The Fish-Bone Diagram

One of the many things that is common between Lean and Agile is that they make problems visible. Most of the time when we as humans see a problem, we look for the most obvious solution and implement that solution. Sometimes, especially with complex problems, the most obvious solution is not the best solution. Sometimes you have to dig deeper to get to the actual root cause.
There are a number of techniques to analyze problems and try to get more information or a better exploration of the issue. The most common is the 5 whys method where you ask “Why” 5 times. Another method which I would like to discuss is the Fishbone diagram, also known as the Cause and Effect diagram.

The fish-bone diagram is a graphical method to view possible causes of the problem. It does not help you solve the problem, only identify potential root causes. You can then experiment to determine the actual root cause and possible solutions.
The diagram gets its name from its shape. It, well, looks like the bones of a fish.
To draw the diagram is quite simple. At the head of the fish is the problem, also known as the undesirable effect. It is better if you phrase the problem as a question rather than a statement. “Why did <problem> happen?” rather than just “Problem”. Sometimes phrasing things as a question gets a better thought process than just a statement. Once you have the head, then you have the spine and from the spine, the ribs which represent the groups of causes. The causes then branch off the ribs.

As you can see, the diagram is quite simple and quickly shows how potential causes relate to one another.

There are two popular brainstorming methods to getting the fishbone diagram.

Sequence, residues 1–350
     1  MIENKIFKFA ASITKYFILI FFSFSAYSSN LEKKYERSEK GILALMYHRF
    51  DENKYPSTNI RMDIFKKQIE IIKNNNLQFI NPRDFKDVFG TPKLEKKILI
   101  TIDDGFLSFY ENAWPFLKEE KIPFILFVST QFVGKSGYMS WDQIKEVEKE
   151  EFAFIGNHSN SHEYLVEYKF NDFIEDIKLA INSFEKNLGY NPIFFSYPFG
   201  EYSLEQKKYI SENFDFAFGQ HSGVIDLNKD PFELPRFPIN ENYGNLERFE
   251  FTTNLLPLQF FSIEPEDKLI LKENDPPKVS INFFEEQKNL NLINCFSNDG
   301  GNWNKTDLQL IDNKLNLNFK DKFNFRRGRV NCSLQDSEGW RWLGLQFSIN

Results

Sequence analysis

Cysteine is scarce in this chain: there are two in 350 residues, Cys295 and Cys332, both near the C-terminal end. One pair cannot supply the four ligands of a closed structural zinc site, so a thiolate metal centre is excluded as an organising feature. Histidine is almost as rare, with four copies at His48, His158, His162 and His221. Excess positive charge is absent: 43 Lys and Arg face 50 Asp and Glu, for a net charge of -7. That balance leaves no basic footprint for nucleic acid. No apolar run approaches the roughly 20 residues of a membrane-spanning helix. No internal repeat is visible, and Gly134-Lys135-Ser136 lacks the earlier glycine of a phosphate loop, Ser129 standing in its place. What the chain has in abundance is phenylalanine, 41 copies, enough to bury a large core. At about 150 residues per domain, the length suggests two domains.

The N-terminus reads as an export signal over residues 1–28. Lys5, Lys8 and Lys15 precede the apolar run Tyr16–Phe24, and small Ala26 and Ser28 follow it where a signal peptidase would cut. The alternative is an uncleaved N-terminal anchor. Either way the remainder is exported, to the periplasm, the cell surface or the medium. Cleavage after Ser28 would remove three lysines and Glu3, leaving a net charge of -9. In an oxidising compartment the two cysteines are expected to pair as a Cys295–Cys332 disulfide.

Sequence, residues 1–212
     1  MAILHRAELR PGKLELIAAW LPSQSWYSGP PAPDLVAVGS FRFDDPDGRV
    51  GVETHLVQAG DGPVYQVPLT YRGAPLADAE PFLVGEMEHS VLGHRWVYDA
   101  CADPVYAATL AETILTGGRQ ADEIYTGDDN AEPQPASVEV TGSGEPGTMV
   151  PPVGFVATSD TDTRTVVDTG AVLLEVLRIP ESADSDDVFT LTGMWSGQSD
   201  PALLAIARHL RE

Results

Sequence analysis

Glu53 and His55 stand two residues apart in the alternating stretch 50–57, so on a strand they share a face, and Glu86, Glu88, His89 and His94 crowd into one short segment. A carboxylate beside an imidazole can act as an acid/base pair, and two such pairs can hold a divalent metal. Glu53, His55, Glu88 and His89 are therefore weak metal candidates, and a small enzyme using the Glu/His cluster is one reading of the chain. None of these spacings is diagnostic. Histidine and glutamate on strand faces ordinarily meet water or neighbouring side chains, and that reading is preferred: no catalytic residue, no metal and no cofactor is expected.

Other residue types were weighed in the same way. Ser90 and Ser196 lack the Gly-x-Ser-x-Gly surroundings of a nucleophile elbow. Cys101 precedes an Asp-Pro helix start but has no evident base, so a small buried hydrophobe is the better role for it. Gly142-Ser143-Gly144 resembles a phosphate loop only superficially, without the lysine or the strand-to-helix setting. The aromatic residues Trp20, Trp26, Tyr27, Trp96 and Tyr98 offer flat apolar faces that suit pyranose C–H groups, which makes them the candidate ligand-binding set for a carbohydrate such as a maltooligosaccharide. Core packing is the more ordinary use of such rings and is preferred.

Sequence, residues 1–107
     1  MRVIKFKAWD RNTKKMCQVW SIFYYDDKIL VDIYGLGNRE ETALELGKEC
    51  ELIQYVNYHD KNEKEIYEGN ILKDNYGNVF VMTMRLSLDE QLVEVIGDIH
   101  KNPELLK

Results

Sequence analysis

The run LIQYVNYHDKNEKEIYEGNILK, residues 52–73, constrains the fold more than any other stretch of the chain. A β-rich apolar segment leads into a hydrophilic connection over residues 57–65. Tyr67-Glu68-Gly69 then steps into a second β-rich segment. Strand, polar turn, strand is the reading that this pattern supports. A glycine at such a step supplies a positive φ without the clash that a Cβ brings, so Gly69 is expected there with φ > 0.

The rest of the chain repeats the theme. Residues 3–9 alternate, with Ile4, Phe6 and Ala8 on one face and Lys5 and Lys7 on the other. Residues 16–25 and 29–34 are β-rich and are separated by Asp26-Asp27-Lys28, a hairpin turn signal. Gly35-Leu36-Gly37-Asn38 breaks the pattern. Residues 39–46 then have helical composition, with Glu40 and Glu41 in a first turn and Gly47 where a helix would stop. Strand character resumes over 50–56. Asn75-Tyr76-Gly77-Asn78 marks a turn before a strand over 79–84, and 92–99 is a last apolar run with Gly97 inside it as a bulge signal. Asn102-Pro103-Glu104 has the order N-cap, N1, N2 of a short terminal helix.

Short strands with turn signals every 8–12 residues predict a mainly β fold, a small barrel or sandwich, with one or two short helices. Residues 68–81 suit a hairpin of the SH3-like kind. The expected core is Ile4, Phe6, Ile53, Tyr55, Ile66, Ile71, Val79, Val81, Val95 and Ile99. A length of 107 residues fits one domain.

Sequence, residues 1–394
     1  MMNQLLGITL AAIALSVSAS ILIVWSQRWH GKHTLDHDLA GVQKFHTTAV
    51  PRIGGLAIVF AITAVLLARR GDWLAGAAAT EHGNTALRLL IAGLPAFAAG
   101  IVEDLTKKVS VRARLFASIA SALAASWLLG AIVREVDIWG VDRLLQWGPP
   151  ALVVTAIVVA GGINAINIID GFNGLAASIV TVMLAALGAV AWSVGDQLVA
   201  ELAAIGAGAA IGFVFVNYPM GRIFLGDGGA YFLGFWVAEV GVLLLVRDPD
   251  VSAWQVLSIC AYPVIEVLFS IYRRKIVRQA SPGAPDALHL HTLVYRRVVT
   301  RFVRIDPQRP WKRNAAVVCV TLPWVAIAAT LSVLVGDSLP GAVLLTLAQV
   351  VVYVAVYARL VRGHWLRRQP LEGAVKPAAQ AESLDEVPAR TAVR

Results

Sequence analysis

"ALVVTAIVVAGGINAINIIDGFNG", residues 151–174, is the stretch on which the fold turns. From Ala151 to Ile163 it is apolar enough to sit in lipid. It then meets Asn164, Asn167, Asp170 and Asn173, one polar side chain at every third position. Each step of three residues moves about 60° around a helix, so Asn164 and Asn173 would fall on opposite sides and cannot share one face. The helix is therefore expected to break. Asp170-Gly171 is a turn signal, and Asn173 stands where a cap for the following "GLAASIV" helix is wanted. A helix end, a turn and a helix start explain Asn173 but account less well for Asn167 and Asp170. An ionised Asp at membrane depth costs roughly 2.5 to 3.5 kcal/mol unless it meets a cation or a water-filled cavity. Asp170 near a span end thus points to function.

The first is to brainstorm possible causes and write them down on “Post-It” notes on a wall. Group the post-its together by relationship to one another. Those relationships become the ribs of the diagram.
The second method is to pre label the ribs. An example may be to use “People”, “Process” and “Technology” (You don’t have to have an even number of ribs). This method helps focus on possible causes, but can limit thinking to only within these groups.

Below is a completely fabricated example where the problem/undesirable effect was that a calculation of 2 numbers led to the wrong value.

As you can see, there is no “solution” to the issue. We are just looking at possible reasons as to why the defect occurred.
The next step in the process is to discuss, and analyze the possible causes and then find ways to mitigate them from happening.

The Fish-Bone diagram is a simple but effective method to help view problems in a new light. This can lead to better root cause analysis and innovative solutions.

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